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Let's Not Do This Ever Again

The government is back open. Museums will reopen their doors, tax refund checks will resume being sent and 700,000 workers can go back to work -- with pay, even!

Now that it's over, let's make a pact: Let's not do this ever again.

Seriously, we have to stop doing this. The economy is just now really starting to recover from the Great Recession. Pointless political shutdowns are the quickest way to short-circuit that recovery and self-inflict pain.

MacroEconomic Advisors estimates the shutdown cost the economy $12 billion. S&P used a broader forecasting model and estimates the 16-day shutdown cost the economy $24 billion, or about $1 million per minute. Since 2009, MacroEconomic Advisors estimates "fiscal uncertainty" -- debt-ceiling fights, shutdowns, threats of default, etc. -- have cost the economy $150 billion in lost output and 900,000 jobs. Last week, Gallup's Economic Confidence index suffered the largest drop since 2008.

The need to tackle the nation's long-term deficit is real. But there's a term in economics called "false economy" that refers to short-term attempts to save money backfiring and costing more in the long run. Groups of Americans have spent the better part of four years outraged at the cost of say, PBS and NPR's $450 million annual budget. But the shutdown cost the economy that much every eight hours. Surveys continuously show Americans are outraged at how much the government spends on foreign aid. But the actual amount spent on foreign aid -- about $56 billion a year -- has been dwarfed by the amount of money sucked out of the economy by four years of political pranks.

And there are two dirty little secrets about the economy that were left mostly unspoken over the last two weeks of fighting.

One, the annual budget deficit as a share of GDP has plunged by more than 60 percent since 2009. Debt as a share of GDP is already on track to decline over the coming decade. Non-defense discretionary spending as a share of GDP is near a half-century low. None of this seems to change the rhetoric around talks of "runaway spending" and "exploding deficits." As Ian Shepherdson, chief economist at Pantheon Macroeconomics wrote, "We are baffled by the idea that the pace of deficit reduction needs to be increased, given how rapidly the picture is improving already."

Two, growth in annual health care spending is near a 50-year low. The decline is persistent and can't be explained by a slow economy alone. And it's so large that the Congressional Budget Office is slashing its estimates of future entitlement spending. "The slowdown in health care cost growth has been sufficiently broad and persistent to persuade us to make significant downward revisions to our projections of federal health care spending," CBO director Doug Elmendorf said last month. Estimated spending on Medicare and Medicaid in the year 2020 was recently revised down by more than $200 billion. I didn't hear anyone mention this during the shutdown when worrying about runaway entitlement spending.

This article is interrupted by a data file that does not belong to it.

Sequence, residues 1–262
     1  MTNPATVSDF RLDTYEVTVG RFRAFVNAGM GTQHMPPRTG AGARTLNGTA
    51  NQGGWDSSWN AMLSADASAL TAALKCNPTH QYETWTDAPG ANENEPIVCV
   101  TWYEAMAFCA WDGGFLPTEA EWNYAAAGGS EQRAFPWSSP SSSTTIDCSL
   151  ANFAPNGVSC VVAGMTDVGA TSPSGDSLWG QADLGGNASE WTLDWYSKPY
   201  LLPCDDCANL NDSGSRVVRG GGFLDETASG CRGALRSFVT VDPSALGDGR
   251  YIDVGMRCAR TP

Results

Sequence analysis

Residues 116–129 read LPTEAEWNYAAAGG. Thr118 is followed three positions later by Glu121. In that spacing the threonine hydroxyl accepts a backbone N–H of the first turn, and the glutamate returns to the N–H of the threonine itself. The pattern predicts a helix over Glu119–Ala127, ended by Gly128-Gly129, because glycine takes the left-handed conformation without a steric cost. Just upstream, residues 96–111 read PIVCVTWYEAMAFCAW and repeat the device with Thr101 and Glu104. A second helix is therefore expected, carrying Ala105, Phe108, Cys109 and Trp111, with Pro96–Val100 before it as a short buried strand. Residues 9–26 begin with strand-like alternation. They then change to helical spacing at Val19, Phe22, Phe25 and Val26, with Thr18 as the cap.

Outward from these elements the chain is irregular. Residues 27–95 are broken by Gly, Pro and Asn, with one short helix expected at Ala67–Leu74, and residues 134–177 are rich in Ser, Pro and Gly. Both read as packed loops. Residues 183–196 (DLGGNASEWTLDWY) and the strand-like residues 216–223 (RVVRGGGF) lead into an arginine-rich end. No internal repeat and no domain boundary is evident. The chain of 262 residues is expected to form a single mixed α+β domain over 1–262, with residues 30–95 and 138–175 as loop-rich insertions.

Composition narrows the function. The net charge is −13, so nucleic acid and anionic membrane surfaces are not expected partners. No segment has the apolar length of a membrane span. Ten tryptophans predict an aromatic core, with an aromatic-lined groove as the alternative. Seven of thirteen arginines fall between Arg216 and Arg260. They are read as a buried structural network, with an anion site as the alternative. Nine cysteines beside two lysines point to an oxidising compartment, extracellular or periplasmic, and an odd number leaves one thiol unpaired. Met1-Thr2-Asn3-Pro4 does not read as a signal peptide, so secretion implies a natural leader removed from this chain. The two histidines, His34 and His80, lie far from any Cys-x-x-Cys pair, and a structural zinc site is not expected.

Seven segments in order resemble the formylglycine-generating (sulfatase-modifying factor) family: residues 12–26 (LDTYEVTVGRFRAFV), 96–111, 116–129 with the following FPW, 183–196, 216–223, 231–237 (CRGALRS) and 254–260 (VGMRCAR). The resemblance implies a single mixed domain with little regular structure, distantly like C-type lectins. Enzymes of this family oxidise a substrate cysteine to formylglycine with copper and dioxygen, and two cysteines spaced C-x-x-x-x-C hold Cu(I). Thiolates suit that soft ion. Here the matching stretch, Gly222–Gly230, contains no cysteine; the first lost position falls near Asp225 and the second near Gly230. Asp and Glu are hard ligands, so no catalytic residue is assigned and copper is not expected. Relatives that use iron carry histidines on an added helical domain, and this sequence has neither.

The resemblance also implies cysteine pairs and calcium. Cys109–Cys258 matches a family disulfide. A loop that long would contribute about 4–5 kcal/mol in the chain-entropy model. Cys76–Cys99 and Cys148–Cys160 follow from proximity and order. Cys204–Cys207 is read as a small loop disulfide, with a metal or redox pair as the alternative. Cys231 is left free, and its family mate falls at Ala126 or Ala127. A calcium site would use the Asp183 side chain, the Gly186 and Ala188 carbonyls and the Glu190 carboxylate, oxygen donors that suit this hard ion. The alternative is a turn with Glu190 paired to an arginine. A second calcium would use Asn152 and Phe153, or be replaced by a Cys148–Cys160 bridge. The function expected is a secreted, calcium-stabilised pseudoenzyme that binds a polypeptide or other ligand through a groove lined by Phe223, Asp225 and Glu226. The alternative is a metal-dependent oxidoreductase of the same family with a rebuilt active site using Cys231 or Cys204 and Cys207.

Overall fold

America has problems, but there's a tried-and-true way to deal with them: Win elections and pass laws. And more important, rely on facts. The more we govern by shutdown, standoff, threatening to default on national debt and imaginary boogeymen, the harder it's going to be to keep our fragile economic recovery afloat. Let's not do this ever again.

When Will the World Meet Its First Trillionaire?

One trillion is huge. It's so hard to comprehend that 79 percent of Americans don't know how many millions are in a trillion. (It's one million times one million.)

But Credit Suisse's annual Global Wealth Report reported something astounding this week: "Two generations ahead, future extrapolation of current wealth growth rates yields almost a billion millionaires, equivalent to 20 percent of the total adult population. If this scenario unfolds, then billionaires will be commonplace, and there is likely to be a few trillionaires, too -- eleven according to our best estimate."

Eleven people worth a trillion dollars. Each.

Crazy, right? It might even sound implausible without hyperinflation.

But look at past trends of billionaire growth, and it makes sense.

J. Paul Getty was widely believed to be the richest man in the world when he died in 1976, worth about $2 billion. Today, Bill Gates is the world's richest citizen, worth $73 billion.

So, in the 37 years from 1976 to 2013, the wealth of the world's richest person grew 36.5-times over, or 10.2 percent per year.

If the world's richest person grows his wealth at that same growth rate for the next 37 years, how much will he be worth?

$2.7 trillion.

At a 10.2-percent growth rate, it'll take just under 27 years for the world's richest person to grow her bank account from $73 billion to $1 trillion. (Mind you, the world's richest person decades from now very likely won't be the same person it is today.)

Even if you assume 3-percent annual inflation, continuing past growth rates would create the world's first inflation-adjusted trillionaire in 39 years. To put that in perspective, the entire gross domestic product of the United States was less than $1 trillion, adjusted for inflation, as recently as 1935.

John D. Rockefeller, the richest American ever, saw his wealth peak in 1913 at around $900 million, or 2.5 percent of the country's GDP that year, according to biographer Ron Chernow. If today's economy grows by 2 percent for the next 39 years, the world's first trillionaire would be worth about 3 percent of GDP.

Keep it all in perspective, though. In 1957, Fortune magazine asked Getty about his wealth. "Remember, a billion dollars isn't worth what it used to be," he said.

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